Last week, police arrested Hannah and charged him with voluntary manslaughter in Hunter’s death. In an affidavit filed in D.C. Superior Court, the motive in the case was again modified; in place of the robbery scenario, the incident was now being described as an “altercation.” Despite the previous abandonment of the hate-crime motive, Hunter’s sexual orientation arose again in the affidavit as a potential basis of the attack. In a police interview, Hannah and one other witness claimed that the “altercation” was incited when Hunter sexually assaulted Hannah, coming up behind him, groping his ass and touching his testicles. The witness, an acquaintance of Hannah’s, noted that the victim “appeared to be ‘Gay.'” A different witness on the scene, though, claims a group of men approached Hunter and proceeded to beat him; yet another witness claims to have seen Hannah standing over Hunter’s body and chanting the name of his crew, the Terrace, before leaving the scene. Neither of those witnesses mentions the alleged come-on.
With the lines in the case already drawn, Hannah’s version of events has incited new calls of “hate crime” from the gay community. Todd Metrokin and Chris Farris—-who together led the charge to resurrect D.C.’s Gays and Lesbians Opposing Violence (GLOV) group last month—say that the suspect’s very defense in the case is enough to support a hate-crime investigation. “It looks like they’re going with manslaughter because of something we call the ‘gay panic’ defense,” says Metrokin. It’s a defense Farris calls both “familiar” and “repugnant.” “The fact that the suspect is pointing to gayness as an excuse shows the requisite bias,” Farris says. “That the defendant is even coming up with this story shows that it’s a hate crime.”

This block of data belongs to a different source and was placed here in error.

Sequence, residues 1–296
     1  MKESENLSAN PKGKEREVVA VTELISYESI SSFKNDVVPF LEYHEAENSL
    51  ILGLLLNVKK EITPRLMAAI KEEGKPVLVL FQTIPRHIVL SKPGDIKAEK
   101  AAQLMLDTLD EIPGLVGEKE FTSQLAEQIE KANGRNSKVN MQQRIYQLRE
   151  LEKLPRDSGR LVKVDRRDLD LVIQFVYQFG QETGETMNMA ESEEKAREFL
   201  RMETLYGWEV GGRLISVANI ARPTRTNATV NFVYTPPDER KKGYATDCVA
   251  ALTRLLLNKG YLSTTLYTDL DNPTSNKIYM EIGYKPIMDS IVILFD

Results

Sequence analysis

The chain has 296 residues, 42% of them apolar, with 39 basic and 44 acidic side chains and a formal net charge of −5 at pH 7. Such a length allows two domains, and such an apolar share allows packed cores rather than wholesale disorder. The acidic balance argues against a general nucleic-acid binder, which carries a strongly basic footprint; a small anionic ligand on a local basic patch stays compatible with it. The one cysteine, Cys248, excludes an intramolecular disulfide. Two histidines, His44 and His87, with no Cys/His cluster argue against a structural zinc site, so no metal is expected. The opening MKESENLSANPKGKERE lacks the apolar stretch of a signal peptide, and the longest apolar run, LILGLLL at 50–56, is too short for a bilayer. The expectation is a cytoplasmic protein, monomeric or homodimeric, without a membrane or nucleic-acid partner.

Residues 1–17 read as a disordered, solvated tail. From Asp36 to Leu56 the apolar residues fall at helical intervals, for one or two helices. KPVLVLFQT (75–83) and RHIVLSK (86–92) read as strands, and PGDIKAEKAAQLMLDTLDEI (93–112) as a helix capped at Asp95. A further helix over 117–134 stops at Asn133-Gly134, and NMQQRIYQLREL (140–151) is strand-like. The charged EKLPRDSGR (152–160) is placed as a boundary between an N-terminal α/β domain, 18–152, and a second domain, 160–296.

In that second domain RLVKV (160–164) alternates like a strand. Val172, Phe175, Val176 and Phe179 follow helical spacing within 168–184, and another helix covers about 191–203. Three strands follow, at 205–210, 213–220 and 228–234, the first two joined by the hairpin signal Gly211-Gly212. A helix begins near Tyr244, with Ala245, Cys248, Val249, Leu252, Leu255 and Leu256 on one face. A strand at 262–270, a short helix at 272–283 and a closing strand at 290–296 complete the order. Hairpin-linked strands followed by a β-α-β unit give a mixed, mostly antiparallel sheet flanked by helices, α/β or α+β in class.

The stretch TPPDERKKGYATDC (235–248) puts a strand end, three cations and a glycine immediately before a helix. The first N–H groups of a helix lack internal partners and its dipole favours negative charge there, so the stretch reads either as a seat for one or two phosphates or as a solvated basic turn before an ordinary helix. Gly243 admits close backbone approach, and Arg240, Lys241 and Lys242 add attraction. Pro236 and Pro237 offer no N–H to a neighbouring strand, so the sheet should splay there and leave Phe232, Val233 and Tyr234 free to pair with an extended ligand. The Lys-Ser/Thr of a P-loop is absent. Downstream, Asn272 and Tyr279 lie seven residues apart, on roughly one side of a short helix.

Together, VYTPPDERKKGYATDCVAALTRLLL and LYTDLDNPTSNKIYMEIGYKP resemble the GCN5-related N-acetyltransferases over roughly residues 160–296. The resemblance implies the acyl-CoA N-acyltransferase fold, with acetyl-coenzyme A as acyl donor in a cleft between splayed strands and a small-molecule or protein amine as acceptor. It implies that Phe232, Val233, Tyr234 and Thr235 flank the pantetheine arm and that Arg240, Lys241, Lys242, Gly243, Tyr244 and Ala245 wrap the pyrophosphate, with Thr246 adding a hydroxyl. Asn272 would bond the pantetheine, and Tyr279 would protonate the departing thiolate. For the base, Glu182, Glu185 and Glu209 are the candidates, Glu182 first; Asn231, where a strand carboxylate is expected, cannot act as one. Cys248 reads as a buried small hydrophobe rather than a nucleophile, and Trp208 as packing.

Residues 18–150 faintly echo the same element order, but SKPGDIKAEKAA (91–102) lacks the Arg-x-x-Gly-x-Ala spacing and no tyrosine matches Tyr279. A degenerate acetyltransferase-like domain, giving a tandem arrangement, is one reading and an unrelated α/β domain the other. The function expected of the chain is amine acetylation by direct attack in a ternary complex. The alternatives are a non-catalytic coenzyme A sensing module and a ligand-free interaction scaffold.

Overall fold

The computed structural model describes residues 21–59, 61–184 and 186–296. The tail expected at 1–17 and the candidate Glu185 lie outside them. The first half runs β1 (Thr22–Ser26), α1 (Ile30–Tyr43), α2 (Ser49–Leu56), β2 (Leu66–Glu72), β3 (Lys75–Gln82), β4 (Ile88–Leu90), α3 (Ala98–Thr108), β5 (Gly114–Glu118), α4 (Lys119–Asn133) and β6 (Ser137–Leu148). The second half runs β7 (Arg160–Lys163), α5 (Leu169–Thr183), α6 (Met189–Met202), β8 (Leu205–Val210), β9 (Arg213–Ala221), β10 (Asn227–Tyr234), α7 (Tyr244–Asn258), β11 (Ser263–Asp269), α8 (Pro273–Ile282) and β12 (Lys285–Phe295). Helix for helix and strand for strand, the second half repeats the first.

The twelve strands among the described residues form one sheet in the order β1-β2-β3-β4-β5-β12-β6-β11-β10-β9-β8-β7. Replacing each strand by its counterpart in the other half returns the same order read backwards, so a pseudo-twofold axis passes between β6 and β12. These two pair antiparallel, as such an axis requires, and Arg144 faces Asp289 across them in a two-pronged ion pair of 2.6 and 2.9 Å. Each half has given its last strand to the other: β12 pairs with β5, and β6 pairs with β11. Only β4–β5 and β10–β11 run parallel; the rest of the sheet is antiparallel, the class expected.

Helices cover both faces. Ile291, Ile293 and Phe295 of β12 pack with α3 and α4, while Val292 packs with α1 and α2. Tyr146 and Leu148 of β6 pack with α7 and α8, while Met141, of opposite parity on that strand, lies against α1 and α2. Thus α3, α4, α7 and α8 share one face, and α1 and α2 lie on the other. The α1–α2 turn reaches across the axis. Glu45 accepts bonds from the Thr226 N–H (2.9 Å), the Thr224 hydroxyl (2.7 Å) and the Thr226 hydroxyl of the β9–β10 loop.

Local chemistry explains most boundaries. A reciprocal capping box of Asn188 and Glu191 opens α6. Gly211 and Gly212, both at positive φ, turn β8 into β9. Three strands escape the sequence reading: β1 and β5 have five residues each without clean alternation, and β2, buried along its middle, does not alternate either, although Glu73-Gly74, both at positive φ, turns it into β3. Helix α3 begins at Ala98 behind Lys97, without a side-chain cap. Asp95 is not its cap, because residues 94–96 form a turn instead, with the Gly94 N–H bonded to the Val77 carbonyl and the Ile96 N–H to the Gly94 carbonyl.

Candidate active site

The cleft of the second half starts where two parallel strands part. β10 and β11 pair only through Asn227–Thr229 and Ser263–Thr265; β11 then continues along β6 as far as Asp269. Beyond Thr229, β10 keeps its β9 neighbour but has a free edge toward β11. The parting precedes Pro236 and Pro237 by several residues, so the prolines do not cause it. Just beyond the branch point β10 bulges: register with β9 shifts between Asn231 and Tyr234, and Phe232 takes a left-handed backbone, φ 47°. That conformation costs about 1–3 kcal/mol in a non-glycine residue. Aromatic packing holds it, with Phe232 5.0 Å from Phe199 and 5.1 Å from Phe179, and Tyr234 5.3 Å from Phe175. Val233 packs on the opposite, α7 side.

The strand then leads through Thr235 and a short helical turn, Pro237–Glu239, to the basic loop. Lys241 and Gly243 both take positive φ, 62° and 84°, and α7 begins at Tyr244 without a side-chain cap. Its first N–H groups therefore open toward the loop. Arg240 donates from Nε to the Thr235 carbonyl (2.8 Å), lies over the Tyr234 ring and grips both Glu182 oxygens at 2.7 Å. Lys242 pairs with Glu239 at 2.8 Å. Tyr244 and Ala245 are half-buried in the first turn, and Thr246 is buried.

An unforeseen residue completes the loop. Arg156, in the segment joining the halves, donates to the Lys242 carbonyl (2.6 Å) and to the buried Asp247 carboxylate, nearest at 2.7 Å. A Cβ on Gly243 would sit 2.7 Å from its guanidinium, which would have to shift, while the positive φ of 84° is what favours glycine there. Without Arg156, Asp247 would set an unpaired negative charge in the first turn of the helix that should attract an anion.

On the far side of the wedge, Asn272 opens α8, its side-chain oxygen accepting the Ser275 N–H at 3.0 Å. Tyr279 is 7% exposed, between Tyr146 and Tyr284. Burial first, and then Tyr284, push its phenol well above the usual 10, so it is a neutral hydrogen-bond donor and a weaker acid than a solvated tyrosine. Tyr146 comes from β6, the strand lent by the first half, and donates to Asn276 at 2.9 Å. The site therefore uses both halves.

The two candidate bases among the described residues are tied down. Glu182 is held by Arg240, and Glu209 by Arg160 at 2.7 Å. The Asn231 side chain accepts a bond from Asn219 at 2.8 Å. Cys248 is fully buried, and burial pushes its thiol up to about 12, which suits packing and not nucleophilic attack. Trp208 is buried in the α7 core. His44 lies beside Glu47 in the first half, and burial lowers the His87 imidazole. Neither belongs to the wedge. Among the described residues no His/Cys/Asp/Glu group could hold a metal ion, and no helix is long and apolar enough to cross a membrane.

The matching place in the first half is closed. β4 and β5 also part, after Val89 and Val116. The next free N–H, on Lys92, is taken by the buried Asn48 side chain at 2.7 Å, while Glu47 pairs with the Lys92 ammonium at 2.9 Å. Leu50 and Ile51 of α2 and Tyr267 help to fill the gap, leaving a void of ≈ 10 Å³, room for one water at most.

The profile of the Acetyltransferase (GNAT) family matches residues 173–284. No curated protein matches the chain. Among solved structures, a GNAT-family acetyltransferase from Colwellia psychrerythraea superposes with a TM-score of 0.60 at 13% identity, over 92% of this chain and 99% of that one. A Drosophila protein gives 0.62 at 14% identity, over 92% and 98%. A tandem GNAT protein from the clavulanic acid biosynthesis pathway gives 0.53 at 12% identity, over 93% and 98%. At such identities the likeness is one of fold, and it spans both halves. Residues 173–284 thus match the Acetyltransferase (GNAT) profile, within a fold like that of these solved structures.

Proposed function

More pressing than the abandonment of the hate crime classification, Farris and Metrokin say, is the charge of voluntary manslaughter. Farris says the charge indicates that prosecutors have neglected to look beyond Hannah’s “gay panic” story to other possible motives in the case. “It is hard for me to imagine how randomly coming upon somebody and punching them to the point where he falls over and becomes unconscious and then dies is anything short of murder,” says Farris. “I’m not a criminal law expert, but if this is legally not considered murder, we’re going to have to change the law.”
While the determination between manslaughter and murder comes down to discerning the intent to kill, classifying hate crimes means dealing in murkier psychological territory. The District of Columbia passed its hate-crime legislation, the Bias-Related Crime Act of 1989, nearly 20 years ago. According to D.C. code, a hate crime is defined as “a designated act that demonstrates an accused’s prejudice based on the actual or perceived race, color, religion, national origin, sex, age, marital status, personal appearance, sexual orientation, gender identity or expression, family responsibility, physical disability, matriculation or political affiliation of a victim.”
A mental bias against homosexuals can be almost impossible to prove without a more concrete expression of it—-written or verbal epithets, for example, or membership in an organized anti-gay group. Even the Dupont couple, who say they dodged a very real brick along with verbal epithets and threats of future intimidation, were told there wasn’t enough evidence to prosecute the offender. The U.S. Attorney’s office dismissed the couple’s case; in an e-mail, spokesperson Channing Phillips told Metro Weekly, “as unpleasant and demeaning as ‘name-calling’ may be, words alone are not a crime.” The couple’s validation is also of the unofficial type: According to the Washington Blade, the suspect has been removed from his security post at the Metropole.